The Covid-19 health emergency has weakened global supply-chain security and rendered the world a giant petri dish, ripe for incubating unprecedented levels of fraud.
With skyrocketing demand for masks, other PPE and certain pieces of medical equipment, the types of fraud seen surrounding the sale of these items are very sophisticated. They prey on the fear around diminishing supplies and the resultant need for quick decisions and even quicker payments - all aided by a reduction of red tape to vet new suppliers so that urgent requirements can be fulfilled.
Reports in the UK and US alike have involved, amongst other schemes:
- Upfront payments and non-delivery of goods. Using the scarcity fear factor, fraudulent “brokers” and “vendors” are requesting – and receiving – 100% payment of goods up front and then promptly disappearing.
- Non-payment of goods. Legitimate vendors operating through Payment on Delivery terms are vulnerable.
- Cloning / falsely impersonating legitimate companies. 3M is not the same as 3.M.
- Business email compromise. Spoofing legitimate email addresses / using nearly identical email addresses to intercept payment instructions and redirect legitimate payments to their own bank accounts.
- Delivery of fraudulent or incorrect goods. Fake safety certificates and fake goods supplied – This could be boxes filled with bubble wrap, or more dangerously, sub-standard equipment that puts lives in jeopardy.
- False promises. Scammers claiming access to such a large volume of goods where in reality a manufacturer will tell you it would take years of dedicated international production without a single sale to achieve that level of stockpile and availability.
- Scammers claiming official affiliation as “Brokers” for well-known suppliers.
In normal times, there is an established process for these procurement activities to keep supplies flowing to fulfil predictable requirement levels. But we are not living in normal times so hospitals, governments and businesses are all competing against each other in an intense frenzy to secure supplies, often outside of their usual procurement channels.
This unchartered territory is dangerous, and it is more important than ever to take measures to prevent falling victim to fraud. The effect of a lack of diligence could not only waste valuable taxpayer and shareholder/investor funds but could also compromise safety of frontline workers if they are provided with fraudulently certified fake N95 respirators.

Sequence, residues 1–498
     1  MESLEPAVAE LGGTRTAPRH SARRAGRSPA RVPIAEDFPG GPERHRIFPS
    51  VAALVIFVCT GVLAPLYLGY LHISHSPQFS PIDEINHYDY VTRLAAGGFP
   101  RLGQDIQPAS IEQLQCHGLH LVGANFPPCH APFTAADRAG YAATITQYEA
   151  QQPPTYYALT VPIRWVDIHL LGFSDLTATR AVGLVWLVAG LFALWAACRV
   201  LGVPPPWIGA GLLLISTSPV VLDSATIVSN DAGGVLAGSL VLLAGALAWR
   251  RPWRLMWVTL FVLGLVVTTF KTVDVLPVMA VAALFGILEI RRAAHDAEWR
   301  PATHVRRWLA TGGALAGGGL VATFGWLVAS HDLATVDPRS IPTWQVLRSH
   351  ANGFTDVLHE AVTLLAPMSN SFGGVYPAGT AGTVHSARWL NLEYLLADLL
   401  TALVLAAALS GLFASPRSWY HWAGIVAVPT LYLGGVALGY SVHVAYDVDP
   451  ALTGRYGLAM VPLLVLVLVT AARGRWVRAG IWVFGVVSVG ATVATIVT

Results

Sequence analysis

The FBI has provided official advice to route procurement payments for PPE and medical equipment supplies through an escrow account because nobody is immune to the effects of fraud without taking appropriate precautions.
Utilising an escrow can significantly mitigate the increased risks involved with medical equipment and PPE transactions. Shieldpay’s robust KYC and KYB checks that take place prior to any agreement is entered, coupled with the ability to hold funds in escrow until full delivery and quality checks being completed, protect valuable funds from falling victim to fraudsters – for individuals, business and governments alike.
Shieldpay escrow features:
- Robust KYC and KYB verification checks. Confidence that you’re dealing with legitimate parties before moving any funds.
- Quick set up times. 48 hours to set up a Shieldpay escrow vs. up to 6 weeks to set up an escrow with a bank.
- Simple and seamless process. Can be completed with or without the involvement of lawyers.
- Full transparency. The Shieldpay platform allows full transparency to all parties at any time around status of funds – user access and permissions can be fully customised as required.
- Document storage. Upload key deal documents to the platform, e.g. invoices, proof of delivery, authenticity certificates.
- White glove service. Providing end-end assistance.
For further information on how we support large ticket medical PPE transactions and beyond, please get in touch with Nabila Kazi to hear how we can help set up an escrow facility within 48 hours across the UK, Europe and US.
Find out how to use escrow as a new way to manage supply chain risk here.